## A Quick-Start Guide to |

Bedwyr is a generalization of logic programming that allows model checking directly on syntactic expression.

The logic manipulated, a subset of LINC (for *lambda, induction,
nabla, co-induction*), contains object-level λ-abstractions,
∇ (nominal) quantification, and (co-)inductive definitions.
While LINC is a extension of higher-order intuitionistic logic, Bedwyr
formulae are restricted to a fragment where connectives on the left of
an implication must have invertible rules (i.e. no universal
quantifier nor implication – this enables the closed-world assumption
when identifying finite success and finite failure), while equalities
are restricted to the L_{λ} fragment (allowing for the use of
higher-order pattern unification).

The OCaml implementation is part of an open source project. The web page offers multiple ways to get it:

- SVN repository
- tarballs
- precompiled binaries
- GNU/Linux packages
- Windows installer

The documentation includes this quick-start guide, a reference manual and the source-code documentation.

Input sources can be plain text definition files (*.def), the
REPL (read-eval-print loop), the
`read`

predicate, and
arguments to the -d, -e and -c CLI
(command-line interface) options. Three modes are available:

- definition mode
- is used in *.def files and with -d
- toplevel mode
- is used in the REPL and with -e
- term mode
- is used at run-time via
`read`

and with -c

Commands are used in definition mode to declare new types and constants, declare and define predicates, and define theorems (which are not proved, but are used as lemmas).

Queries are plain formulae (terms of type
`prop`

), entered
at the toplevel, that Bedwyr attempts to solve. If possible, it
outputs the list of solutions (substitutions of the free variables).
Otherwise, if the formula is not handled by the prover (non-invertible
connective on the left) or by the unifier (not L_{λ}), resolution
aborts.

Meta-commands are used both in definition mode and at the toplevel,
mostly to improve the user experience by executing strictly
non-logical tasks, such as input (
`#include "inc.def".`

),
output (
`#typeof X Y :: nil.`

) or testing
(
`#assert true.`

). A few of them change proof structure,
but not provability (
`#freezing 4.`

,
`#saturation 2.`

).

Term-mode is a way to improve interactivity.

1 shows a complete sample definition file, with the declarations for a type and two constants, along with a few predicates.

Kindch type.Typez ch.Types ch -> ch. % The predicate a holds for 3, 5, and 2.Definea : ch -> propbya (s (s (s z))) ; a (s (s (s (s (s z))))) ; a (s (s z)). % The less-than-or-equal relationDefineinductiveleq : ch -> ch -> propbyleq z _ ; leq (s N) (s M) := leq N M. % Compute the maximum of aDefinemaxa : ch -> propbymaxa N := a N /\ forall x, a x -> leq x N.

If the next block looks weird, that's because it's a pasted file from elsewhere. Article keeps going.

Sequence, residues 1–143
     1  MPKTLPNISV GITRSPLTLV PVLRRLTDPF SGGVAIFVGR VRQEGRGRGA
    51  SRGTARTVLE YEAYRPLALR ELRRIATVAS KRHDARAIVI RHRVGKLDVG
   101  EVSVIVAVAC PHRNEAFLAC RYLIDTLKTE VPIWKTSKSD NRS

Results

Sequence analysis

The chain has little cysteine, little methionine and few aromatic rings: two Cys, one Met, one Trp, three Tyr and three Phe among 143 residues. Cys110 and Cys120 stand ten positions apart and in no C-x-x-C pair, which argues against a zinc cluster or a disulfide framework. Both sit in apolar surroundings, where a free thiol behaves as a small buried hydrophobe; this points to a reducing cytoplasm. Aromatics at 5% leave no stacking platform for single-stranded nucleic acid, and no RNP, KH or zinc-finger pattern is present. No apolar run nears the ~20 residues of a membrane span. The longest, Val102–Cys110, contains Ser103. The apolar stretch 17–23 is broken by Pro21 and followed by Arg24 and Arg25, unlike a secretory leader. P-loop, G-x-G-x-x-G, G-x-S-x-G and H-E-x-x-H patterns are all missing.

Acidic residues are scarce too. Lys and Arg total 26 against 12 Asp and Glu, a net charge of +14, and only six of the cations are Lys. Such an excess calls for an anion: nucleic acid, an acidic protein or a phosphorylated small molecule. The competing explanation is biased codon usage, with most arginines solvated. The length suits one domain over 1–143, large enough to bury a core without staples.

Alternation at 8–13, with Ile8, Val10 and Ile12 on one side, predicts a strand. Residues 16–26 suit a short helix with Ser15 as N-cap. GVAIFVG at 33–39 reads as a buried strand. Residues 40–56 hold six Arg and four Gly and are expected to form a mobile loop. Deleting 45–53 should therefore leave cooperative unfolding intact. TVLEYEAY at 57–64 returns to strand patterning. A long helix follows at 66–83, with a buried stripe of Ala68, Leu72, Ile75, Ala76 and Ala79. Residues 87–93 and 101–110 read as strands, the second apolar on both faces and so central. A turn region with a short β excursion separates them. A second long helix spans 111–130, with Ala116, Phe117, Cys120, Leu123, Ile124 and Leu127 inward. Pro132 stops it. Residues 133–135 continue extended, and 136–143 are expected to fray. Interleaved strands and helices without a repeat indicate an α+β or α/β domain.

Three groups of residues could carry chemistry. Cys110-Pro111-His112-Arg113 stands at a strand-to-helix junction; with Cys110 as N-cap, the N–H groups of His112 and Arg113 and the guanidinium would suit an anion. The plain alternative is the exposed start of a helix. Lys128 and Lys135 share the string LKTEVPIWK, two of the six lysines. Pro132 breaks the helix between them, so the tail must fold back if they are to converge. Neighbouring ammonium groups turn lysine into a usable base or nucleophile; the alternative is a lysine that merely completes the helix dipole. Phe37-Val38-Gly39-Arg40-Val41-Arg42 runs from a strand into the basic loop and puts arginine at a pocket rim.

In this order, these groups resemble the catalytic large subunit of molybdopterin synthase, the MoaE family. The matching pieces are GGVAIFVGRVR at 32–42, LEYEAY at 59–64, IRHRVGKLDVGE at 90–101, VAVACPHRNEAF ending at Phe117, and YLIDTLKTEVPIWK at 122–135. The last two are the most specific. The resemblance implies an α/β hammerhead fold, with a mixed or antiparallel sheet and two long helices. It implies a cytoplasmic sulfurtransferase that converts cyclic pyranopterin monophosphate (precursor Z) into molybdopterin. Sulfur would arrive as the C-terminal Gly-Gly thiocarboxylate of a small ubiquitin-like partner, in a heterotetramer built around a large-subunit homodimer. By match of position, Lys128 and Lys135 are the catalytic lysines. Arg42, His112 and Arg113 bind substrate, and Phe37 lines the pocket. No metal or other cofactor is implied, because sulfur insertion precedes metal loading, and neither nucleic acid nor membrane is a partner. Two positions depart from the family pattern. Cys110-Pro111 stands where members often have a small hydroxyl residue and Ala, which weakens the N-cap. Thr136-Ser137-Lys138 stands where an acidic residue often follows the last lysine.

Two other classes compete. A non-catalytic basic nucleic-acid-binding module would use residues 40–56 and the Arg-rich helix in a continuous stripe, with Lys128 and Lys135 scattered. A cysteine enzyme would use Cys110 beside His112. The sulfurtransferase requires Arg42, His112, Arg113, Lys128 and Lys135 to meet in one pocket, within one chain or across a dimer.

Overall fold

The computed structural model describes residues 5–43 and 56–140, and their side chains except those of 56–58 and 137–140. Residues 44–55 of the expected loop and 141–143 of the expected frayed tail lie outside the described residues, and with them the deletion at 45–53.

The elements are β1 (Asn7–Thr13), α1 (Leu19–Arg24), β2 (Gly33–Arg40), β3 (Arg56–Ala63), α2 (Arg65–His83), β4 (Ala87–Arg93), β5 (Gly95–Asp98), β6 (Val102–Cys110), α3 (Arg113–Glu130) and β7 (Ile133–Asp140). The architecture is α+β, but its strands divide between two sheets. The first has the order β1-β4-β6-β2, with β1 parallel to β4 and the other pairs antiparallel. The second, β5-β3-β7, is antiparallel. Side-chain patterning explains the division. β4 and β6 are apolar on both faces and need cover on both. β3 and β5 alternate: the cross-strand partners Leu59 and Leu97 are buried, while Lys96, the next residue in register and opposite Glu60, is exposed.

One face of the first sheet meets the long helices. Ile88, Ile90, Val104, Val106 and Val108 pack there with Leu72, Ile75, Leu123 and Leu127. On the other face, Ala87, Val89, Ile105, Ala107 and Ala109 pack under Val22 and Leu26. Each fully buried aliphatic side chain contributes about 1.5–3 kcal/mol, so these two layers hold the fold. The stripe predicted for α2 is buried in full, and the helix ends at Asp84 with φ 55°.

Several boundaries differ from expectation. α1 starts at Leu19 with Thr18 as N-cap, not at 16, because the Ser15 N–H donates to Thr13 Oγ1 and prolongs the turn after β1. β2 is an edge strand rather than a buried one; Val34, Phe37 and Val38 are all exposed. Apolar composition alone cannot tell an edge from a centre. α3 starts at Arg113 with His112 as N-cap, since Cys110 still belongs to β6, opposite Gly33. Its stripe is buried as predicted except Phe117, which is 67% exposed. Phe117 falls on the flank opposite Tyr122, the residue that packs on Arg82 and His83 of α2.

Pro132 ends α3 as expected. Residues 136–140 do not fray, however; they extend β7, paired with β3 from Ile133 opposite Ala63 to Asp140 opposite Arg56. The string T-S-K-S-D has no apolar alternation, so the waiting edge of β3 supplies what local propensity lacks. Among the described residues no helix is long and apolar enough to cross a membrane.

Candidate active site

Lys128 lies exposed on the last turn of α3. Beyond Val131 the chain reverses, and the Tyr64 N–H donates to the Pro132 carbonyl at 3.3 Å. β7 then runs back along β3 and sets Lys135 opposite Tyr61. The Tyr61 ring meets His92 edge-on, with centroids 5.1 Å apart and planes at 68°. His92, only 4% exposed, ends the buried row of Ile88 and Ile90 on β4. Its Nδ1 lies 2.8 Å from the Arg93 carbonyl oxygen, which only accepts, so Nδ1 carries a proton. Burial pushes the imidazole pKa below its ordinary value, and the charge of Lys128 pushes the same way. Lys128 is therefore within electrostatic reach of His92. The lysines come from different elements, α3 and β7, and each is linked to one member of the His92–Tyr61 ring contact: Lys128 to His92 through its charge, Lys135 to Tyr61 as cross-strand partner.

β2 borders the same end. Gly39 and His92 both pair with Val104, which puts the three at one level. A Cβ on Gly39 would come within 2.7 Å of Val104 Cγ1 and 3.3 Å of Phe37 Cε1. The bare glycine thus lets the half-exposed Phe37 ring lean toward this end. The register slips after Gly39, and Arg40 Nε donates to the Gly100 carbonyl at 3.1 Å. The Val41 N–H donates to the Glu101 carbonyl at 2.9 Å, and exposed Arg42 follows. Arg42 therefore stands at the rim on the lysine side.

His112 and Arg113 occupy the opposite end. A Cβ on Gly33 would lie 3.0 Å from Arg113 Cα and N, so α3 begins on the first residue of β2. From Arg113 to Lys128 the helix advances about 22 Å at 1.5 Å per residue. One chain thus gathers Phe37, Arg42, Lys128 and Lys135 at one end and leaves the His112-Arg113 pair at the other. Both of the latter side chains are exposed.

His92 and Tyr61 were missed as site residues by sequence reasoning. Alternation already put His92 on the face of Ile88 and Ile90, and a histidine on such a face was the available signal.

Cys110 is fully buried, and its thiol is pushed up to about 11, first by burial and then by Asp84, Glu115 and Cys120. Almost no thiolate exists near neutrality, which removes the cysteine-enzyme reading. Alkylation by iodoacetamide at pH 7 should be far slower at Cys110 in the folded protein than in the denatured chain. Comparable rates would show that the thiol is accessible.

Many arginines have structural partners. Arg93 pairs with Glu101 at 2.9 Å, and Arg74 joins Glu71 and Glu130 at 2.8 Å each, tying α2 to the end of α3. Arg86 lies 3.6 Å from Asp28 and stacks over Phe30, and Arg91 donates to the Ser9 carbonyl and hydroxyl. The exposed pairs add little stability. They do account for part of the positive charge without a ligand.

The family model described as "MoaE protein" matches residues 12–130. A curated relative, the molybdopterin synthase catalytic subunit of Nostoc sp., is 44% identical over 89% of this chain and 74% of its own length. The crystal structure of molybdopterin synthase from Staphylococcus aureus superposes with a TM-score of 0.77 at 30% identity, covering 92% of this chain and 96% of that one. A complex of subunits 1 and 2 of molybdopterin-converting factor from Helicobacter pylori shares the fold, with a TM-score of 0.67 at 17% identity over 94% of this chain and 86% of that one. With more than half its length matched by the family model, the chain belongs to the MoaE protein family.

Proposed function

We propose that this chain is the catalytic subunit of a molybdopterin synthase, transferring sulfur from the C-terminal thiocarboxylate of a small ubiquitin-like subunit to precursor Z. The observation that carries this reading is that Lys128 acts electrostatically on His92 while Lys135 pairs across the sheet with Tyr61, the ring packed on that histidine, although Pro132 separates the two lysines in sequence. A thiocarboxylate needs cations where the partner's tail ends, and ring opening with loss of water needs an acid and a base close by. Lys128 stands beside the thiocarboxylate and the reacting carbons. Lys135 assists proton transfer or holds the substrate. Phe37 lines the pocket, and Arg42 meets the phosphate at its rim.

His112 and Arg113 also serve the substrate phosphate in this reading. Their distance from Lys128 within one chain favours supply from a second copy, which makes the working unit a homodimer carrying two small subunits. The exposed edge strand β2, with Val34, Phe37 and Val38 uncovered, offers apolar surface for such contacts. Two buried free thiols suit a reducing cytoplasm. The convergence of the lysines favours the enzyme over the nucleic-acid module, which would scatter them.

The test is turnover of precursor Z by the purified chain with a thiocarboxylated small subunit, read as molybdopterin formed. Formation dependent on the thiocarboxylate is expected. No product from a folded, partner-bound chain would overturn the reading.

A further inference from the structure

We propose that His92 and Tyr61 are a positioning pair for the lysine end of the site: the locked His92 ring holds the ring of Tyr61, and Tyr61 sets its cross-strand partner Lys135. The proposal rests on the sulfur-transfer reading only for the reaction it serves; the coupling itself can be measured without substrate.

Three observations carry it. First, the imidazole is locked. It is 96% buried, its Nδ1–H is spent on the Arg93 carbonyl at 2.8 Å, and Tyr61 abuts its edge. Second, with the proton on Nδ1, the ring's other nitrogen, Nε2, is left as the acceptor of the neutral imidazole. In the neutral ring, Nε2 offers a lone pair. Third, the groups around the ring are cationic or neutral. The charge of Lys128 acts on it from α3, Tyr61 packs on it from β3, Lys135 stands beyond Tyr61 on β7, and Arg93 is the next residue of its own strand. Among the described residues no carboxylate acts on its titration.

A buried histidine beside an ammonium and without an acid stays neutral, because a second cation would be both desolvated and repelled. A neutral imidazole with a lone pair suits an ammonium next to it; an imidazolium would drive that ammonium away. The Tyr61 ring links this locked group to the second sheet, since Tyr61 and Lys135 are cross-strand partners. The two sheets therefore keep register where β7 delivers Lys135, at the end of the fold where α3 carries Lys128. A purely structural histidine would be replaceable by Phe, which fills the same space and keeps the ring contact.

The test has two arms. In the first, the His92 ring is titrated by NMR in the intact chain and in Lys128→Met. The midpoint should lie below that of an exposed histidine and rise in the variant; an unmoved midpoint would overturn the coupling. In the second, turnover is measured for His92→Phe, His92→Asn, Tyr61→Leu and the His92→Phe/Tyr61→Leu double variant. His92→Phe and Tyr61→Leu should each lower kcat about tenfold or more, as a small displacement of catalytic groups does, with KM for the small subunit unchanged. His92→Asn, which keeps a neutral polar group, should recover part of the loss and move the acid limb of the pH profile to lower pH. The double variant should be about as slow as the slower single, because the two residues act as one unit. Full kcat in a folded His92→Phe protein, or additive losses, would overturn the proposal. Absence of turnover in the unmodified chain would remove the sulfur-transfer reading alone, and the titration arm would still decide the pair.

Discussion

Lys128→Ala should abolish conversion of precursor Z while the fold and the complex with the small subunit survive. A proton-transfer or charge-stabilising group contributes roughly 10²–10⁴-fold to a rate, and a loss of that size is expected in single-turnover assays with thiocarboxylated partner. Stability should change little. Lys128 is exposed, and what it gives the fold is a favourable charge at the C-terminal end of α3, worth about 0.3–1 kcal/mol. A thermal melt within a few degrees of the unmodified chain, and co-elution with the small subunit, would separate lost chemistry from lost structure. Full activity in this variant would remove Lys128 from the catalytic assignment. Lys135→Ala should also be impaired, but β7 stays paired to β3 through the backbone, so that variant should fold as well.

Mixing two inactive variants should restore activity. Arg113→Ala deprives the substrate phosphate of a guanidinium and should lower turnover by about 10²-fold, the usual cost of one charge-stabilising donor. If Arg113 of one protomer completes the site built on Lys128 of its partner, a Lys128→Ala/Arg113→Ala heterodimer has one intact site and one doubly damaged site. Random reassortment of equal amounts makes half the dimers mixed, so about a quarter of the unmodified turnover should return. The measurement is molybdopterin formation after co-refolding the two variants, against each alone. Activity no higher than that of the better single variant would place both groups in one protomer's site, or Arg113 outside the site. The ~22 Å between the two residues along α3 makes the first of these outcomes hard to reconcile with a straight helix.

The predicate
`a`

is a typical example of what must be done to build
a Bedwyr example: even with a theoretically infinite search space
(here, Church numerals), Bedwyr only does finite reasoning, and hence must be
given an explicit description of its finite actual search space.

The use of the

keyword has two consequences.
Firstly, memoization is used on the corresponding predicate;
secondly, it has an impact on the way loops in computation are handled.
Since the
__inductive__`leq`

predicate obviously cannot loop,
only the first aspect is used here (meaning we might as well have used the

keyword instead).__coinductive__

2 shows an example of use of the interactive toplevel
following the invocation of `bedwyr maxa.def`

.

?= #env. *** Types *** option : * -> * list : * -> * ch : * *** Constants *** (::) : A -> list A -> list A nil : list A opnone : option A opsome : A -> option A s : ch -> ch z : ch *** Predicates *** a : ch -> prop I leq : ch -> ch -> prop maxa : ch -> prop member : A -> list A -> prop ?= read Y /\ leq X Y. ?> s z. Solution found: X = z Y = s z More [y] ? y Solution found: X = s z Y = s z More [y] ? y No more solutions. ?= maxa X. Solution found: X = s (s (s (s (s z)))) More [y] ? y No more solutions. ?= #exit.

The
`#env.`

meta-command shows all declared objects
(including the standard pre-declared list-related objects), and
informs
`leq`

is inductive. The call to the queries
`leq X (s z).`

and
`maxa X.`

offer to display all
solutions, one by one.
A subsequent call to
`#show_table leq.`

would show the table
filled by the second query with
`leq`

-headed atoms, either
marked as proved or disproved.

This document was translated from L^{A}T_{E}X byH^{E}V^{E}A.